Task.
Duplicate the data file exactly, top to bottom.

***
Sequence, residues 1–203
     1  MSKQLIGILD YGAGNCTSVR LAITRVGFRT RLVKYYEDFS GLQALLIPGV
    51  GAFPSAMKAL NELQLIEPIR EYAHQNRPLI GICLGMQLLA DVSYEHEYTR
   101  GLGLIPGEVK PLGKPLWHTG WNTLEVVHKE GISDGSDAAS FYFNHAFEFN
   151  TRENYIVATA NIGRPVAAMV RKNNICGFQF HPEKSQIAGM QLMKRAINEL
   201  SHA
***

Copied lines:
Sequence, residues 1–203
     1  MSKQLIGILD YGAGNCTSVR LAITRVGFRT RLVKYYEDFS GLQALLIPGV
    51  GAFPSAMKAL NELQLIEPIR EYAHQNRPLI GICLGMQLLA DVSYEHEYTR
   101  GLGLIPGEVK PLGKPLWHTG WNTLEVVHKE GISDGSDAAS FYFNHAFEFN
   151  TRENYIVATA NIGRPVAAMV RKNNICGFQF HPEKSQIAGM QLMKRAINEL
   201  SHA